16 May 2015

Portofino Path and Posterity

I loved this walk up to the the top of Portofino. And ... I need to remember to have Pops take more photos with me in it. Not for vanity's sake, but simply for posterity. Don't we moms seem absent in most events since we are typically behind the camera!? Some day, I know I'll be glad to have these ...

More photos to come, since this is my lazy-girl way to document our goings-on. Sigh, I can't remember the last time I made a proper photo album!

15 May 2015

Portofino, Making Memories ... and a little Reflexology

Oh, Portofino, you are a beautiful place. So many colors, so lush and green. I am so happy I took some photos of you.

And Jane is too.

What a treat to have Pops' parents with us. A perfect way to celebrate his Dad's recent retirement and soak up some sunny family love together. A blessing.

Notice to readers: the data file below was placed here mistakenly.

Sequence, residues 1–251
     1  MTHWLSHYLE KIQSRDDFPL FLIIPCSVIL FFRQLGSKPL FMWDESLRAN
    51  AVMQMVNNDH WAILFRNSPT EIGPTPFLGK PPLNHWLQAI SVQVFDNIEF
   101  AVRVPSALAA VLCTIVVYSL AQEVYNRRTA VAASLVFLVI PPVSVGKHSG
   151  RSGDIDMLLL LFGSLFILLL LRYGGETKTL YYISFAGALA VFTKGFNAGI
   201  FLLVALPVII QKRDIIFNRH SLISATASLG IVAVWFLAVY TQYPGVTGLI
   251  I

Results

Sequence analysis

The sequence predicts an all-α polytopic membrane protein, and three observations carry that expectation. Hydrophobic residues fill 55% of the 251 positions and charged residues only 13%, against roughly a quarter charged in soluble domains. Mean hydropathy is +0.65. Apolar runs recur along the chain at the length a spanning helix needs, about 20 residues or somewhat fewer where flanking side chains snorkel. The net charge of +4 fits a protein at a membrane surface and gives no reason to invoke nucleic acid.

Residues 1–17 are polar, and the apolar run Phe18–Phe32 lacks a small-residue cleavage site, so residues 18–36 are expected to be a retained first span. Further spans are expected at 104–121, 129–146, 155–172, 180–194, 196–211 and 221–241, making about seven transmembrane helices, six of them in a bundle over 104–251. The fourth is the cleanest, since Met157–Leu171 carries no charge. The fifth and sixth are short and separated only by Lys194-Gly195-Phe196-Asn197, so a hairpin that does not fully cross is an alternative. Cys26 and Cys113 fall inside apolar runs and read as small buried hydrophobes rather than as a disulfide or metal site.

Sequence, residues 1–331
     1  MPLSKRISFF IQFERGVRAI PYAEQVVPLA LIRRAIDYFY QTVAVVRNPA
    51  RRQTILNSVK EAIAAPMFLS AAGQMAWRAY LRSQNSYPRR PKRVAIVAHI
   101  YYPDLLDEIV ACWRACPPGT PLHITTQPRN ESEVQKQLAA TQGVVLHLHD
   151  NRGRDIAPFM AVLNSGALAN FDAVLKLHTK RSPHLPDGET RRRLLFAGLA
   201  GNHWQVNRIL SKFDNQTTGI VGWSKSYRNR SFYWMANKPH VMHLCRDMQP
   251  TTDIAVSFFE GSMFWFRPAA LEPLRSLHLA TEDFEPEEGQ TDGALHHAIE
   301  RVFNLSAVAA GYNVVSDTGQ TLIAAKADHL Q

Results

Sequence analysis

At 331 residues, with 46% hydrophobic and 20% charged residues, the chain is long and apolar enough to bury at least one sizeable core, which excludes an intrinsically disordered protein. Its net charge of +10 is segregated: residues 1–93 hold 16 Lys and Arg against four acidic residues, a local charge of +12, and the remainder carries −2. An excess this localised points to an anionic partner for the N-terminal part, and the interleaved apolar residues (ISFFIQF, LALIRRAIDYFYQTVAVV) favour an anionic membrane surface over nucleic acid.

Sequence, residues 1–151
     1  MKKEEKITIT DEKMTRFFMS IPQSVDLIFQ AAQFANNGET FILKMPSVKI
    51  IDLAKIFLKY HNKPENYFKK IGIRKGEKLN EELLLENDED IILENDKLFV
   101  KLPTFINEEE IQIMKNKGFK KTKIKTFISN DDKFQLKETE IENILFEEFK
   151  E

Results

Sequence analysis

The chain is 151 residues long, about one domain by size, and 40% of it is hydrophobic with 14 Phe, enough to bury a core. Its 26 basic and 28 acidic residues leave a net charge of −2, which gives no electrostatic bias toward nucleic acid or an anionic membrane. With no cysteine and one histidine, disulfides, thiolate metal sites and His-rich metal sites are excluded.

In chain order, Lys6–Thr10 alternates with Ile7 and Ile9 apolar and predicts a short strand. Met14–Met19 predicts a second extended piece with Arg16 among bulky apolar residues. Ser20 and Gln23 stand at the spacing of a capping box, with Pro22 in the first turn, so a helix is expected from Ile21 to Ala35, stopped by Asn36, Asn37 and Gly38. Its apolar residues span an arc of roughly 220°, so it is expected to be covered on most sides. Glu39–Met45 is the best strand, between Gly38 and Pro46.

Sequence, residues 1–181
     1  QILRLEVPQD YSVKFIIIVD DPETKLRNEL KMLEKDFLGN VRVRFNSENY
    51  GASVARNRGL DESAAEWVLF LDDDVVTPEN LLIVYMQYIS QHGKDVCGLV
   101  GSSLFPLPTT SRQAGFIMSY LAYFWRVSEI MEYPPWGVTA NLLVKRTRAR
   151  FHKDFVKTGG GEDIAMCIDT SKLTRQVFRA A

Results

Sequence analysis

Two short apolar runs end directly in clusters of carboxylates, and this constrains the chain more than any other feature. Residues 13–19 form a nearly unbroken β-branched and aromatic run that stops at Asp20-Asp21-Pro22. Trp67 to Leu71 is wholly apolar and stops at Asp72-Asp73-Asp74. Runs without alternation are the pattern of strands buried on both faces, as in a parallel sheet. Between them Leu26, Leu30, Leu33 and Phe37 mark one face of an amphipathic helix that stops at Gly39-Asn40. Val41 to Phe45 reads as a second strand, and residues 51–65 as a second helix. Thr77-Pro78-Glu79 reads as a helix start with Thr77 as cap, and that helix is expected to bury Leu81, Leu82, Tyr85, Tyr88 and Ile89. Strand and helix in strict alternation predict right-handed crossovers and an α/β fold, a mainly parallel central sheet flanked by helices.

It has been fun to look over our Liguria photos and remember the adventures we had. And how special that we had my dear in-laws to experience it with, as well. I love new experiences. For the thrill, yes. But also for the memories that I get to hold dear for the rest of my life. And memories shared with the people I love most! Best thing ever.

Speaking of best things ever ... my Mama is here with us. She has been loving on all of us and has even taken up reflexology after a crash-course session with YouTube. It's been five weeks of my daily migraine challenges and after several days of her magic fingers, I am feeling better than I have in so long. Still have some sorting out to do, but the glimmer of improvement is so encouraging. Anyone else have experience with reflexology? I'm rather shocked at what it seems to be doing for me.